Stob Coire Sgreamhach (1072m)
- Pronunciation: Stob Korrer Skrevuch
- Translation: Peak of the Fearful Corrie
- Total distance: 10.6km
- Total time: 5hrs 17mins
- Total ascent: 1104m
- Weather: Started off with the summit peaks obscured by low cloud. Then cleared to a fine spring day. Reasonably warm with little wind except on the summit.
- Start / end location: Large car park on A82 near top of Pass of Glen Coe. [OS Map Sheet 41 Grid Ref: NN 172 568]
- Map: A map of the route can be found here – it may take a few moments to load into a separate window. The map displays on most browsers, but possibly not Internet Explorer.
It is great to be back on the road and starting our Munro bagging again after a short break back down at our house in the Midlands. We are now in the process of beginning a sweep back through Glen Coe to pick up the few remaining peaks still to climb before we head back over to the southern Cairngorms.
Our Munro today was the one that we ran out of daylight to climb as a second peak to Bidean nan Bian back in November. Then, the deep snowy conditions caused us to take longer than anticipated to climb Bidean and so we made the decision to forego tackling Sgreamhach until another time: that time was today.
From our parking spot on the A82 we crossed the valley floor below the Pass of Glencoe and headed for the footbridge that took us over the River Coe at the “Meeting of Three Waters”. Once across to the south side of the river we followed the lovely path upward and into the “Hidden Valley”. In contrast to our last visit to this valley when it was raining heavily and getting dark, today it was much brighter and altogether cheerier.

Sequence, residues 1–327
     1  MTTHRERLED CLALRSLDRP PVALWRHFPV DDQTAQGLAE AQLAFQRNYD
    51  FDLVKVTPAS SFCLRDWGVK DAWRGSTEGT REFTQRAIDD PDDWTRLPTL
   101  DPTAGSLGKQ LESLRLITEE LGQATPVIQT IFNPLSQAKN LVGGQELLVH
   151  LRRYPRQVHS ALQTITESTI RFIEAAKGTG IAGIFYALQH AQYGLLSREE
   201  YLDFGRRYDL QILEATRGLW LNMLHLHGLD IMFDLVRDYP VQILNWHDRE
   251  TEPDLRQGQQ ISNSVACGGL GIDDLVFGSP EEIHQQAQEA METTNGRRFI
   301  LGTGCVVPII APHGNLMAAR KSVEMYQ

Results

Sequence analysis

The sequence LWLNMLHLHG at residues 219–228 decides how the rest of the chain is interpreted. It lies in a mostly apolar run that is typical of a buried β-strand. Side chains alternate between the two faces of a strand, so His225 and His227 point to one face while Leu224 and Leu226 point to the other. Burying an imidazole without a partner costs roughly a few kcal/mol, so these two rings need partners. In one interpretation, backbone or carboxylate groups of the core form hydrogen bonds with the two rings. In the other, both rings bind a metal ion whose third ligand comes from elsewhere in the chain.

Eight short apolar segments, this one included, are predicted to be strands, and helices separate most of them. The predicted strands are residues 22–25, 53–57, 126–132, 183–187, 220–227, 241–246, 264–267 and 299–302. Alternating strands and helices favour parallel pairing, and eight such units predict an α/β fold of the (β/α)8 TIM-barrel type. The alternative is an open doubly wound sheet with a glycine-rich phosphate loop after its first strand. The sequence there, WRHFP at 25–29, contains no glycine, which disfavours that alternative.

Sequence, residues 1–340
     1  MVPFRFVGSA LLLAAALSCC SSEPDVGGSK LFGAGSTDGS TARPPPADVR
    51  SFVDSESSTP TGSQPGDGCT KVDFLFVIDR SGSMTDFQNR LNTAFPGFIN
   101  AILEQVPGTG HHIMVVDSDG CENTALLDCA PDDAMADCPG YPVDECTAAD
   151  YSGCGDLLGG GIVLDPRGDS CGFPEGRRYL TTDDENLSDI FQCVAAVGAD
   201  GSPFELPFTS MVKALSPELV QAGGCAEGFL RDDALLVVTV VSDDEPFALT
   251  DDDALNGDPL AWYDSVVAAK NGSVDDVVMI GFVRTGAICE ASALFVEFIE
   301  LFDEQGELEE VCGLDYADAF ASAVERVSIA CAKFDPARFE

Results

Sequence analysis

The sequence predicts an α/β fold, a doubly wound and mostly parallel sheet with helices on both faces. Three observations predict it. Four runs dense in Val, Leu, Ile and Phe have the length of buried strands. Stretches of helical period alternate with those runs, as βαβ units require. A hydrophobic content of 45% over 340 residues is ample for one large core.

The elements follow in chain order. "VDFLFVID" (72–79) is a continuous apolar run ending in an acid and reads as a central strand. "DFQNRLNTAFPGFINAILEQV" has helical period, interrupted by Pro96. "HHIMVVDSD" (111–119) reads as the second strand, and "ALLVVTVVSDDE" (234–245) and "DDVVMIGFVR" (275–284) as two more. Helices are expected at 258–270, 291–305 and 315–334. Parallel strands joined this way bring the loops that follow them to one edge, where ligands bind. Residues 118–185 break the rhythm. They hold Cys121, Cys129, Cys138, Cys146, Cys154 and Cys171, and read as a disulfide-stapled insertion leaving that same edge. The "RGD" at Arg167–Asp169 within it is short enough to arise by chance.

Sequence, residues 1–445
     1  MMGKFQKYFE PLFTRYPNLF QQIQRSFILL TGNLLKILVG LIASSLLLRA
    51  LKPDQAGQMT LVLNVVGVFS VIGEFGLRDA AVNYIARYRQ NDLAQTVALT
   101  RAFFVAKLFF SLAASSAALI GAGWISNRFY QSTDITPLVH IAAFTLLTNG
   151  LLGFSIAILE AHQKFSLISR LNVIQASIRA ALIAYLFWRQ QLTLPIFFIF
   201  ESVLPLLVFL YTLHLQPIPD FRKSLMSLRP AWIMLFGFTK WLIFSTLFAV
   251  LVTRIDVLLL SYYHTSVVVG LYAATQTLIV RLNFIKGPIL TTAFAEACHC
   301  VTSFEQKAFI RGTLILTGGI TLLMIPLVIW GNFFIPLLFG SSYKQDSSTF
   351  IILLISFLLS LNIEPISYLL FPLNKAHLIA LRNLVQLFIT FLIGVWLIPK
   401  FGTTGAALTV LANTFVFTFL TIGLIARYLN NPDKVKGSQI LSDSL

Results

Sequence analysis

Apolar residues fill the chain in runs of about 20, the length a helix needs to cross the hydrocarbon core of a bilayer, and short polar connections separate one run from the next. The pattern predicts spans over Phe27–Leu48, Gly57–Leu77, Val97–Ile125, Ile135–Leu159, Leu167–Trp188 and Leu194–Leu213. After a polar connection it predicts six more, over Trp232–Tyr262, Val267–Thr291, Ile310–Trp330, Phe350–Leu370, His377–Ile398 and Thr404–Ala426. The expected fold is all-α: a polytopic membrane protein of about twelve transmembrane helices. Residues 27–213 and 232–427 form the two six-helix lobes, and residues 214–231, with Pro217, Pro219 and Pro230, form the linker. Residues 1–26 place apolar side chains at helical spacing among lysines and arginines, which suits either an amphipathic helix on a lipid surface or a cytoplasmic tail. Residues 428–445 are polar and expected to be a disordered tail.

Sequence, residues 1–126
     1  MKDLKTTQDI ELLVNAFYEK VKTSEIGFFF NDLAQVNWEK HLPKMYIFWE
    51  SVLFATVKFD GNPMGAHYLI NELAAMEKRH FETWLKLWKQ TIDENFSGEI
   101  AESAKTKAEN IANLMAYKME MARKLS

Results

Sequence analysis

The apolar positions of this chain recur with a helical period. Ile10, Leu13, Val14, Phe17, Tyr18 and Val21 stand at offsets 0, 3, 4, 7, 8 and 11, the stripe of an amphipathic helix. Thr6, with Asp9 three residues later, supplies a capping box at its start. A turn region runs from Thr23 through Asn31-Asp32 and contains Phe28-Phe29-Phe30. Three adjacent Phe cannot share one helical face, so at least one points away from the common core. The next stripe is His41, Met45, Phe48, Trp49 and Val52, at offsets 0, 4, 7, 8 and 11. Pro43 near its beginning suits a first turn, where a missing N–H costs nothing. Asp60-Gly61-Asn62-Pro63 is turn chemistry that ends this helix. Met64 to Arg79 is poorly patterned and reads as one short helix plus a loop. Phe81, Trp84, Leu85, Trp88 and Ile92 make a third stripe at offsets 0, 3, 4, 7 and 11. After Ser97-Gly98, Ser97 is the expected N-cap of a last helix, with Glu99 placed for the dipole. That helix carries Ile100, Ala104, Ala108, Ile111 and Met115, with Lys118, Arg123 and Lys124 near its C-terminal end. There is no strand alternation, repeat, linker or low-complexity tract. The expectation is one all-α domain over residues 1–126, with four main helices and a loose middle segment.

This glen is an excellent example of a glaciated hanging valley whose mouth is guarded with some huge erratic boulders. Once we’d woven our way through this protective barrier we came out onto a huge flat “fertile” plateau with a small burn running through it. It was a very atmospheric location hemmed in as it was on three sides by sheer rock walls extending dramatically from the encircling peaks.
Part of the way along the plateau we were entertained by a very tame male chaffinch who appeared to have done his “repertoire” before for the other tourists who had visited his little patch. He was clearly looking for a reward for all of his efforts and he wasn’t disappointed when we crushed up a nutty biscuit for him to feast on. He was unbelievably tame for a small bird living high on a Glencoe mountain.
After our entertainment from the chaffinch we walked to the back of the level plateau from where an obvious path continued to climb up into the high corrie between Bidean nan Bian and Stob Coire Sgreamhach. As we climbed higher towards the steep back wall of the corrie we soon entered the snowfield that filled the upper reaches of the corrie. The snow was deep and fairly soft but did support our weight without us constantly plunging through. As the uppermost reaches of the corrie were quite steep we decided to don our crampons for some extra security. The climb up proved to be straightforward and without any cornice to negotiate we soon topped out on the ridge between the two summits. However, a slip from this position would have been rather disastrous.
From the top of the steep corrie we turned left (ESE) and followed the short path upwards along the ridge to reach the summit cairn of Stob Coire Sgreamach at 1072m or 3,517ft.
Our route down was to simply retrace our steps to the top of the snow-filled corrie where we descended facing inwards for the steepest few hundred metres until it felt safe enough to turn around and plunge forward down the slope. Half way down I took off my crampons and then slid down the last few hundred metres of the slope on my behind: great fun. We met up again with our friendly chaffinch and also a few groups of tourists out investigating the mysterious Hidden Valley.
The weather had stayed dry all day and was even beginning to warm up as the afternoon progressed: altogether it had been a lovely outing.